SEATTLE — Sweet potato pies for survivors of domestic violence. That’s the mission of one determined woman from Tacoma who owns Blessings Catering Company.
Chef Delphia Brewton is a survivor herself. Now she and her team are baking gourmet pies to help victims pay rent or even buy a home, so they can get away from their abuser.
The sweet potato pies are so much more than just that — in multiple ways.
“It is grandmother-inspired, for sure. My grandmother was a chef, my grandfather was a chef in the Navy,” Brewton said.
Brewton grew up in Tacoma, but her grandmother is from Louisville, Kentucky.
“This is growin’ up eatin’. This is not just Thanksgiving for us, this is every day,” Brewton said.
But her sweet potato pies have diverged from Grandma’s — quite a bit, in fact. She describes it as two pies in one — a sweet potato cheesecake pie.
“Things come to me in a dream sometimes,” Brewton said. “And when I see it all come together — oh my gosh, this is amazing,” she said.
It starts with the buttery homemade crust, baked first. Then in goes the sweet potato filling, which all gets baked. A normal sweet potato pie might stop there, but once out of the oven, Brewton’s gets sprinkled with a pecan center.
The pie is chilled before Brewton delicately pipes on the sweet potato and cheesecake topping in varying designs and swirls. Then she adds the final accoutrements: pie crust cookie chunks on top, each piece coated in a decadent, sweet, spicy, and caramelly crumble.
“Not reinventing the wheel, just making it a little better,” Brewton said with a laugh.
The gourmet pies are currently $66.50 for a large pie or $15 for a mini.
“It’s a labor of love,” Brewton said. ”The whole process is literally about five hours,” she said.
But there’s something else special about these sweet potato pies. One hundred percent of the profits go toward helping survivors of abuse. (Pies can be ordered at Blessings Catering — more details on ordering and nationwide shipping options are at the end of this article.)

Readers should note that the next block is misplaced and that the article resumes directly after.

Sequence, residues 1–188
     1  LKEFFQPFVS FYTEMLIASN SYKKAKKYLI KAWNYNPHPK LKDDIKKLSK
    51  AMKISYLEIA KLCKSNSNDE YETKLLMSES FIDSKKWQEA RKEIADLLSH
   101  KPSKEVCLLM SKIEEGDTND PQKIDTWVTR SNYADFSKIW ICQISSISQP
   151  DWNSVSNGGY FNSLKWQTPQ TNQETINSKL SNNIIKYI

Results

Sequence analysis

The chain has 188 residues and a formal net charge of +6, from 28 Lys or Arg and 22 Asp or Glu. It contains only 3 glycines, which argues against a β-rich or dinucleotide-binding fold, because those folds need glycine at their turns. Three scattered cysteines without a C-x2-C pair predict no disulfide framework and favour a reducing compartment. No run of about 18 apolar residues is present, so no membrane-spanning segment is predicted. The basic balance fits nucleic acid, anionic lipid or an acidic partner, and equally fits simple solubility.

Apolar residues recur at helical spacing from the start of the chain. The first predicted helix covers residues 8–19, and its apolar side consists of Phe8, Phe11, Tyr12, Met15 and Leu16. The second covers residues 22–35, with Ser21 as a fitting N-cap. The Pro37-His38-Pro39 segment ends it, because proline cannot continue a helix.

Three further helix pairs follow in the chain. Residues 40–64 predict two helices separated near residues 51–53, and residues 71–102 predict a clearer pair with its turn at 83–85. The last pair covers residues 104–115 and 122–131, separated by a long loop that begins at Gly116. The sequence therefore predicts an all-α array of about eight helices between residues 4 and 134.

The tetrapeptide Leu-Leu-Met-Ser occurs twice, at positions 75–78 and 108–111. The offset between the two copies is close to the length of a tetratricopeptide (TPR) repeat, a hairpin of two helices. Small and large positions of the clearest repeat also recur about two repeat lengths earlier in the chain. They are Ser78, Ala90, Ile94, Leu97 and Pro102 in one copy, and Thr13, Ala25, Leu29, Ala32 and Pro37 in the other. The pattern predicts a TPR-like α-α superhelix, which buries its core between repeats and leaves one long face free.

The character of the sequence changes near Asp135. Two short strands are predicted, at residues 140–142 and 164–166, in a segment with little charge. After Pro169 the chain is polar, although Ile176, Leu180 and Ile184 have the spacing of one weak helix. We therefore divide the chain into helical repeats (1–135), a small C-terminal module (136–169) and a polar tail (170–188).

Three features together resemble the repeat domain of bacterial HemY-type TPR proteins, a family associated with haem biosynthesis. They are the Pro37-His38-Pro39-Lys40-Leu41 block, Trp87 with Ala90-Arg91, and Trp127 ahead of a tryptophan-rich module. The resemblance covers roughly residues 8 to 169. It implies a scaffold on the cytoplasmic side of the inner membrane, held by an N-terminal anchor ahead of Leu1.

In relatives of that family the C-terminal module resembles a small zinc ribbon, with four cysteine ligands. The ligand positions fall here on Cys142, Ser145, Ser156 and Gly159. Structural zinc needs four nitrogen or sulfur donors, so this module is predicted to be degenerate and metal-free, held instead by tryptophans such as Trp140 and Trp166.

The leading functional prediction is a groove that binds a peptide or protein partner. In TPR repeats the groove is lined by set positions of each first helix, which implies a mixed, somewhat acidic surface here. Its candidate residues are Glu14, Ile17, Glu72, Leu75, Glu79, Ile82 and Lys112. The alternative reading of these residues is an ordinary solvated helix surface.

“These pies are near and dear to my heart. We call these Pies for Homes,” Brewton said. ”These pies are not just a labor of love in production, they’re also a labor of love in what they provide for other ladies,” she said.
The money raised through the pies goes toward rent, or even buying a house for domestic violence survivors, providing a safe place to live. It’s a need that Brewton knows too well.
“I am a survivor myself of 14 years of domestic violence. It was Oct. 23, 2013, that I almost died at the hands of my abuser,” she said. “Every time I’d leave my abuser, I’d go back to him because of the purse strings. He had all the money, the home, the cars. And I’d go back.”
She found her way out after becoming a private chef.
“Culinary became a therapeutic path for me, and not just to heal, but also to financial wealth,” she said.
In 2018, she started a catering company called Blessings from My Heart to Your Table, or Blessings Catering for short. But during the pandemic, business disappeared during the shutdown and domestic violence spiked.